EXPERTS GATHER TO EXPLORE BEST METHODS OF DEVELOPING MATHS IN FOUNDATION EDUCATION

EXPERTS GATHER TO EXPLORE BEST METHODS OF DEVELOPING MATHS IN FOUNDATION EDUCATION

Jeffrey’s Bay Comprehensive High School

A numeracy Imbizo, recently took place in Jeffreys Bay, in the Kouga Local Municipality, to address one of the key issues of education, namely numeracy, and how children can develop an interest and understating of Mathematics, with a focus of Mental Mathematics.

Educators, Heads of Departments and Maths Assistants attended this workshop to explore techniques regarding Mental Mathematics, as one of the most important topics for learners to grasp during the Foundation Phase.

Mastering ‘Mental Mathematics’ is key if learners are to be successful in their daily lives. Developing this concept should already start in Grade 1 and progress to Grade 6 and beyond.  This Imbizo provides very exciting and powerful ideas to guide and support educators with the teaching of Numeracy in the Foundation Phase.

“We advocate a child centred approach, which encourages teachers to give children many opportunities “to do, talk and record” their mathematical thinking,” explained Caroll Warmberg, Managing Director, ITEC, the service provider responsible for the implementation of Jeffreys Bay Wind Farm’s numeracy programme.

Emergent numeracy is strongly emphasized by: encouraging children to demonstrate their mental images either with concrete objects or use of drawings and sketches; giving children the opportunity to explain their thinking to their peers and teacher; encouraging children to record in writing the “story” of what their sketches show.

During the practical hands-on session, teachers and maths assistants explored the important building blocks needed by learners to understand Mental Mathematics and the developmental path from Grade 1 to Grade 3. This is essential if young children are to be able to make a confident start to mathematics.

The workshop looked at real problems that present children with mathematics processes that are embedded in meaningful contexts; encourage children to represent their mathematical thinking/understanding verbally and graphically with symbols of their own devise during the emergent numeracy phase; involve children in a variety of dialogues which encourages them to reflect on their mathematical thinking.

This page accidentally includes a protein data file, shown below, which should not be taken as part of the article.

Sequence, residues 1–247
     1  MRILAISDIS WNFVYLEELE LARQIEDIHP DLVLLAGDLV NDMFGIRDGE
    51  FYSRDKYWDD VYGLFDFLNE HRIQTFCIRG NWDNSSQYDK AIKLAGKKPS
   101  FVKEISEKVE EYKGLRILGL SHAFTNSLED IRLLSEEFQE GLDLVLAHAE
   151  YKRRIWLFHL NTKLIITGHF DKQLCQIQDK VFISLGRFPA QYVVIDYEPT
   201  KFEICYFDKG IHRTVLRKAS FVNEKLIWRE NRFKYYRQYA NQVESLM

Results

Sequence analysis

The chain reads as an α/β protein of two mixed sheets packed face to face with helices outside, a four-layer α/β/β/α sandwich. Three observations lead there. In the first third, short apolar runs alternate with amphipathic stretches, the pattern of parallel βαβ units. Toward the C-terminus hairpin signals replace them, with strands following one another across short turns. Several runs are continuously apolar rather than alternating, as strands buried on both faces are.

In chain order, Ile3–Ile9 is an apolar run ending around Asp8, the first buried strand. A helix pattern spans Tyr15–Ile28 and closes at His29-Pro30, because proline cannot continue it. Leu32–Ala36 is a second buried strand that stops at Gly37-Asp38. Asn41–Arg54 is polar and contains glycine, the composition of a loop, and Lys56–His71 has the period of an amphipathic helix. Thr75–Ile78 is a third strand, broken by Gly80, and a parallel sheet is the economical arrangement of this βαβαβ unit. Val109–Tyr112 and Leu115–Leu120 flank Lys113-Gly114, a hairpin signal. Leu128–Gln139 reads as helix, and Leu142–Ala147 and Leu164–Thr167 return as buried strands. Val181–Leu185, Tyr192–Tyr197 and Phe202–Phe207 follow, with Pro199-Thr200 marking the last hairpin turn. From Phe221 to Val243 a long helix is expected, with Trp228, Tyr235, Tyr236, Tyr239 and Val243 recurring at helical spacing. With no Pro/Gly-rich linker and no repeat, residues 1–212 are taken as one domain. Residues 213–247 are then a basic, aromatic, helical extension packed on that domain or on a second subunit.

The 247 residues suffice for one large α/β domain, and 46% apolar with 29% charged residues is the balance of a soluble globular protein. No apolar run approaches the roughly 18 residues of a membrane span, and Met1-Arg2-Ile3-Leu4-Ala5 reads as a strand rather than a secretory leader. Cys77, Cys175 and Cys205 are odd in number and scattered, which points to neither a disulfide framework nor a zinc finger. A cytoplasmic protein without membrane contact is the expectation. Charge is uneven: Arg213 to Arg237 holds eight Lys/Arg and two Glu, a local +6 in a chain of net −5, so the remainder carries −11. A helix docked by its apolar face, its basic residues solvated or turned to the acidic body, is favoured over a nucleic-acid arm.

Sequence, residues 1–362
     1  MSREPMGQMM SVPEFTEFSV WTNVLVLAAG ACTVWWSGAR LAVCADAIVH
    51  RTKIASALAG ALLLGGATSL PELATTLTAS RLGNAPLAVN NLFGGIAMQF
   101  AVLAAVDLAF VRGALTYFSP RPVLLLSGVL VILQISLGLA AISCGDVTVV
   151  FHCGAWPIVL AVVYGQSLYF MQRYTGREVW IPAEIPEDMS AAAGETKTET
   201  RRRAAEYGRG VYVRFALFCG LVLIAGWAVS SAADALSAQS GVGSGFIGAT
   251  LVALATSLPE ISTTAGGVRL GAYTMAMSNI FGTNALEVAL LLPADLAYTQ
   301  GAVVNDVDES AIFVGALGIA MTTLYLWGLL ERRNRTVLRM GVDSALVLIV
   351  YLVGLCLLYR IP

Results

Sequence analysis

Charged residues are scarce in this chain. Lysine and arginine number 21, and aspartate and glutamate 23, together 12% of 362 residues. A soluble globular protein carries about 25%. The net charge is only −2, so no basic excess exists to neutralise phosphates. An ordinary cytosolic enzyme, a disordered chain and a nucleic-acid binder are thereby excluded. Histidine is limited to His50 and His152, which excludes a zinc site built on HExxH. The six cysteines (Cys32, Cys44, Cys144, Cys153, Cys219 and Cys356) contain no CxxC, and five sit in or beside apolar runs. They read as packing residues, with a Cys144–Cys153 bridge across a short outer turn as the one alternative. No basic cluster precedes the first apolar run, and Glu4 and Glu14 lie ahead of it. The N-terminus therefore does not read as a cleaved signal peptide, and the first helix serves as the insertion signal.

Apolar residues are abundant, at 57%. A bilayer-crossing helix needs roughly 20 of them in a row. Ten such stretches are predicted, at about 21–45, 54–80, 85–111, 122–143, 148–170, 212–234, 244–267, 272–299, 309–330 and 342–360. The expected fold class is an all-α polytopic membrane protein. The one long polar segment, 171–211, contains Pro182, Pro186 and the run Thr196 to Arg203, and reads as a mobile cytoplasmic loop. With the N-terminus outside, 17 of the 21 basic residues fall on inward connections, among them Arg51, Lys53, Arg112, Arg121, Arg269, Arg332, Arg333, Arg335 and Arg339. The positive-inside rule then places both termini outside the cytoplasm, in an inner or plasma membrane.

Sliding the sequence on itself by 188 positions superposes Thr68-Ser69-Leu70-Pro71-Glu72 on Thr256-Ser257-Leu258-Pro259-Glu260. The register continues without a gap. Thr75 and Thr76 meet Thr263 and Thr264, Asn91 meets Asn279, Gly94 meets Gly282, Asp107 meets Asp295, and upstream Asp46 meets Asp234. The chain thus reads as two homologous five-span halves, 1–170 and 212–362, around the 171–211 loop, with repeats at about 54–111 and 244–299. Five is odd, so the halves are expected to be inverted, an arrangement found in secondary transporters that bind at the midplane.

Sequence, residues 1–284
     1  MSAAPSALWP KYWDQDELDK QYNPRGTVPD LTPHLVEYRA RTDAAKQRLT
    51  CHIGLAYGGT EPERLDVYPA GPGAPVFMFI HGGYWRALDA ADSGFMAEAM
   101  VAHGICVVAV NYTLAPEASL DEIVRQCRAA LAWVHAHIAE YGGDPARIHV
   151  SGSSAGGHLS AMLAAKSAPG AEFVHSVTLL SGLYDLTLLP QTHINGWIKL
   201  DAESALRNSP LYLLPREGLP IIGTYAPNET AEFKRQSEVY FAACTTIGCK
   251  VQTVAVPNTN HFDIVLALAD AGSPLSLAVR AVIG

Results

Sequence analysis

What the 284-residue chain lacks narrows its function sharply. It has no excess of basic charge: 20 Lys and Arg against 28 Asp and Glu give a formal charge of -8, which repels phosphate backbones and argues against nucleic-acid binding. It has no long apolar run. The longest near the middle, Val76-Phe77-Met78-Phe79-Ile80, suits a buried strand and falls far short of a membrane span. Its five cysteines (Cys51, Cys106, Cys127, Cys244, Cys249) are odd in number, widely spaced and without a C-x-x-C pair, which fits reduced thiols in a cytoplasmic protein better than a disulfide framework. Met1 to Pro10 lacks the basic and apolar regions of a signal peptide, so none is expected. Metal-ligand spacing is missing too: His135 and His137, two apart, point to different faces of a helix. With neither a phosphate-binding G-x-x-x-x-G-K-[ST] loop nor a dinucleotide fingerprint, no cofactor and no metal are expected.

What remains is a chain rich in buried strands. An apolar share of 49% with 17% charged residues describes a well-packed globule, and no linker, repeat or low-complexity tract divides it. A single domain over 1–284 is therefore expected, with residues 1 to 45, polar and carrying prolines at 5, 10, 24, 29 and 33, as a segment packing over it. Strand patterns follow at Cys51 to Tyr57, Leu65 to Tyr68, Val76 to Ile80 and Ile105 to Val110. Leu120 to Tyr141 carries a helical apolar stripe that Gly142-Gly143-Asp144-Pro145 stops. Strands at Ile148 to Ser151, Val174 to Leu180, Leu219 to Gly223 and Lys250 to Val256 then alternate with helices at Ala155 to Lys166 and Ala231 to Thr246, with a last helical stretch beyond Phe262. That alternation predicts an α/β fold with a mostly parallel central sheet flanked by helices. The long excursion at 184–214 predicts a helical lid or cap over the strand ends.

The Imbizo was led by the distinguished Dr Lise Westaway, who holds a number of academic qualifications in the field of Mathematics and Education. Her research interests include mathematics education, particularly critical mathematics education which foregrounds human rights, social justice and active citizenship.  She was joined by her colleague Dr Pamela Vale also of Rhodes University  Faculty of Education  who holds the following academic qualifications; Phd; M.Ed, with distinction ; BA(Hons)(Psychology), with distinction;  BA (Psychology; English), cum laude.

Warmberg points out how in recent years it has become increasingly clear that weak national Mathematics achievements in South Africa are rooted in learning deficits accumulated in the earliest grades and that these gaps grow wider and wider as they progress through school.

“It is crucial to get the foundation phase right, especially in the areas of numeracy and literacy, which is why we fund and support foundation phase education in our surrounding communities.  We believe that good-quality foundation phase education is critical so that we can build and improve on primary and secondary education,” concluded Hlengiwe Radebe, Economic Development Director for Jeffreys Bay Wind Farm.

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